, ,

Issa Karpov (Grigoriy Dobrygin), a Chechen Muslim, enters Hamburg, Germany illegally, weaving his way through sewers, stowing away on a cargo ship, hiding in plain sight beneath a dirty hooded sweatshirt and a scraggly beard. Throughout his circuitous journey, though, Issa makes time to pray. Heightened levels of secrecy and devotion can only lead to the conclusion that Issa is a man on a deadly mission.

And hot on his trail is Günther Bachmann (Philip Seymour Hoffman), leader of a covert anti-terrorism team. Günther is obsessed, hounded by failures in his and his country’s past, in terms of their inability to shut down key terrorist groups working under their noses. Günther is a spy who lives by the credo that you can trust no one but yourself. Intriguingly, his crack team, with Irna Frey (Nina Hoss) as his second-in-command and quite possibly his conscience, feels like sentient appendages sprung and loosed from Günther’s psyche.

What gradually becomes clear, along director Anton Corbijn’s carefully strewn trail of breadcrumbs in his adaptation of John le Carré’s A Most Wanted Man, is that Günther has a much larger target in mind. Spying is more than a mere game of chess; it is an extension of natural selection, a complex restructuring of the food chain with a highly intelligent design. Each element must be studied, captured and then released in order to serve as bait for the next subject, higher up on the priority list. The endgame for Günther is not about executing revenge under the guise of justice; his goal is to contain the threats yet keep them in the system, where they can be used to regulate the chaos always looming at the gates.

With so many characters introduced into the mix and tangents to follow, A Most Wanted Man never gets bogged down in overly plotted schematics or drifts far from its central figure — Günther. The international war on terror, as drawn up here, is straightforward and relatively clean.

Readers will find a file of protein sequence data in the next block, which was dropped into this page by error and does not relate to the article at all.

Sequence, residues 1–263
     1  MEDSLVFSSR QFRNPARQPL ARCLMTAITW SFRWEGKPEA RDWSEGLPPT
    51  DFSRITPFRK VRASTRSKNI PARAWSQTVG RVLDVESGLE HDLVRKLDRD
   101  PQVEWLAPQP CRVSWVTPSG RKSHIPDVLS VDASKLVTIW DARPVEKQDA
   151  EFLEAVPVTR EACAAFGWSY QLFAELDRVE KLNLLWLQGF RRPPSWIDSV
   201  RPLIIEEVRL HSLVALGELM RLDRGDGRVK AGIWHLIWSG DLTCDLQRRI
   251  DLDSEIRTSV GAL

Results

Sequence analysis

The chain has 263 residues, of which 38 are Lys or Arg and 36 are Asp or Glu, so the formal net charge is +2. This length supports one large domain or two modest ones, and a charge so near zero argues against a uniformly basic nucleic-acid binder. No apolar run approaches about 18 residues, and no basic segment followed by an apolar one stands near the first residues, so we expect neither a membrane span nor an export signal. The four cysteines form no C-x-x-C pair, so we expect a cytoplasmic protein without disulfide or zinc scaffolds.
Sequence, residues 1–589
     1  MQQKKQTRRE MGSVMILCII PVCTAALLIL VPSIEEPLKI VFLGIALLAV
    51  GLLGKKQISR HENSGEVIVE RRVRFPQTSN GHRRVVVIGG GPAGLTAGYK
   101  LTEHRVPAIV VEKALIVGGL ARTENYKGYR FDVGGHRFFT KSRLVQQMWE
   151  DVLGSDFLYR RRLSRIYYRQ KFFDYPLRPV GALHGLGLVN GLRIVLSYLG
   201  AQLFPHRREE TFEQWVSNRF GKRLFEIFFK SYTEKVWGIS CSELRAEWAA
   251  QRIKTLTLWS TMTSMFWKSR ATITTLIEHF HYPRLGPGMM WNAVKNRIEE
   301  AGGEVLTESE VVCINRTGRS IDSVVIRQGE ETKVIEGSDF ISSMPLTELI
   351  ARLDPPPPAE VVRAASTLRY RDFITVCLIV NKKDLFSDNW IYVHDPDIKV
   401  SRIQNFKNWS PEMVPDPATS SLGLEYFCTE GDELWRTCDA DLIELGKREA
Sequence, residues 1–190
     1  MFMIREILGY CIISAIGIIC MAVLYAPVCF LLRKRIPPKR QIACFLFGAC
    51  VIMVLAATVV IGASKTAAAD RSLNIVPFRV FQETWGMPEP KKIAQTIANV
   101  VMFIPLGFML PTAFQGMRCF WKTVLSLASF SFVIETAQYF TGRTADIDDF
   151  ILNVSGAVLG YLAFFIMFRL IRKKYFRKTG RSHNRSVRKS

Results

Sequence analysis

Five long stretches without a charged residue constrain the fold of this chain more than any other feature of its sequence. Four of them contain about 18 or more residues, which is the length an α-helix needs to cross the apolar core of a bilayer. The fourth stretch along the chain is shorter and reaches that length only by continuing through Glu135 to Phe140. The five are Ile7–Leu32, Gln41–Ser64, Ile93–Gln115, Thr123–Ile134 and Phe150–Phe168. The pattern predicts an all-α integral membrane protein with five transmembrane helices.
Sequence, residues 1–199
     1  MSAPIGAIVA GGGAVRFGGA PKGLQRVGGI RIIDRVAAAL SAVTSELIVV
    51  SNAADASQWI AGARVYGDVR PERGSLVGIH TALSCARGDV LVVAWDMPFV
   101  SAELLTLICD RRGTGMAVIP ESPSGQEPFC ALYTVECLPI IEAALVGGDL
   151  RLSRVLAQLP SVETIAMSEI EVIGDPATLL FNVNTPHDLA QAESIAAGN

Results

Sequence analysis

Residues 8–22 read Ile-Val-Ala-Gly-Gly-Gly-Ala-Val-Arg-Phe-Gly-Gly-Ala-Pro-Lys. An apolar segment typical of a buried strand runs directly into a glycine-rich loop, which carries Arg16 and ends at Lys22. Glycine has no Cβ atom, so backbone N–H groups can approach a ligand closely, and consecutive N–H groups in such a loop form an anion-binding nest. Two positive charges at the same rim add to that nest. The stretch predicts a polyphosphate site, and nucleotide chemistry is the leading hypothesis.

The complications arise primarily through the tangled intimacies in Günther’s character.

He is the spy who trusts no one but builds relationships where it is incumbent for his contacts to develop a surprising degree of trust in him. His assets in the field, those operatives he has created or turned to gain access and information, pass along whatever they can and do whatever is asked of them because they have come to appreciate that Günther is a man of his word, and he will do everything in his power to protect them. Mistakes in his past haunt him — lives have been lost and it is hinted that his presence in Hamburg is a demotion of sorts for a likely tragic failure — and impact each decision he makes.

Rarely in contemporary film are we asked and/or expected to identify with so wounded a figure. Our heroes, the one Hollywood narratives supply to meet our wants, have one simplistic episode that they share with us (and generally a female stick-figure) to distract us for a moment before the next action set piece and the inevitable redemptive bit of explosive force.

Günther, in contrast, is more than what we might want. We need Günther and more like him to hold a mirror up, a reflection of life as something more than the ongoing series of random events barely in search of linearity. Günther challenges us to question our values and the meaning of our lives beyond faith and/or what we think we understand.

Corbijn orchestrates the scenario, hidden behind the camera and Andrew Bovell’s screenplay, but for all the focus on Günther and Hoffman’s deeply lived-in performance as this flawed man, the director should be the real target for discerning audiences. With The American and now A Most Wanted Man, he has proven to have an interest and a strong capacity for revealing secrets in his leading men.

Yet it is his background in still photography that might explain his unique talents. Corbijn’s initial fascination with Joy Division (lead singer Ian Curtis was the subject of Corbijn’s first feature film, Control) led him to secure work as a regular photographer for New Musical Express, eventually branching off to shoot bands like U2 and R.E.M. before transitioning into making music videos with Depeche Mode, Nirvana and Metallica. But those stills, the freezing of moments — allowing viewers to study the images to reveal their invisible clues — they contain truths that Corbijn hunts for as he develops these targets for audiences. And just like Günther, Corbijn seeks to protect his interests by cultivating our trust in him. (R) Grade: A- (tt stern-enzi)